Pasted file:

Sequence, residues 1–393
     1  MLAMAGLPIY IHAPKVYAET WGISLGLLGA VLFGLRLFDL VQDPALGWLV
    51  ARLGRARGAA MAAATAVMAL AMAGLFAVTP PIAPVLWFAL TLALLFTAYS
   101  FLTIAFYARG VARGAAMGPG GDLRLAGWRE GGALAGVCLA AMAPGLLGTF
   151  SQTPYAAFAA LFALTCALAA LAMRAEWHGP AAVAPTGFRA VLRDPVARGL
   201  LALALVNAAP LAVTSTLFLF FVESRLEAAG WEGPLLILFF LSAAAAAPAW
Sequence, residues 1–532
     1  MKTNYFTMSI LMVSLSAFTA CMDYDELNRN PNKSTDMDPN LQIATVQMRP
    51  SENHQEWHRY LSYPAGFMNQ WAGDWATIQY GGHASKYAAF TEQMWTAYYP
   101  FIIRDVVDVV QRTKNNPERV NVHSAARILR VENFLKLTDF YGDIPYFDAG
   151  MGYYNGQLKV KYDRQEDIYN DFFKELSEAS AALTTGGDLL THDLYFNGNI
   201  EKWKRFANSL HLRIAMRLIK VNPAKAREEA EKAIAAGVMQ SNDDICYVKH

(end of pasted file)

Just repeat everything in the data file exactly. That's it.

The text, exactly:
Sequence, residues 1–393
     1  MLAMAGLPIY IHAPKVYAET WGISLGLLGA VLFGLRLFDL VQDPALGWLV
    51  ARLGRARGAA MAAATAVMAL AMAGLFAVTP PIAPVLWFAL TLALLFTAYS
   101  FLTIAFYARG VARGAAMGPG GDLRLAGWRE GGALAGVCLA AMAPGLLGTF
   151  SQTPYAAFAA LFALTCALAA LAMRAEWHGP AAVAPTGFRA VLRDPVARGL
   201  LALALVNAAP LAVTSTLFLF FVESRLEAAG WEGPLLILFF LSAAAAAPAW
Sequence, residues 1–532
     1  MKTNYFTMSI LMVSLSAFTA CMDYDELNRN PNKSTDMDPN LQIATVQMRP
    51  SENHQEWHRY LSYPAGFMNQ WAGDWATIQY GGHASKYAAF TEQMWTAYYP
   101  FIIRDVVDVV QRTKNNPERV NVHSAARILR VENFLKLTDF YGDIPYFDAG
   151  MGYYNGQLKV KYDRQEDIYN DFFKELSEAS AALTTGGDLL THDLYFNGNI
   201  EKWKRFANSL HLRIAMRLIK VNPAKAREEA EKAIAAGVMQ SNDDICYVKH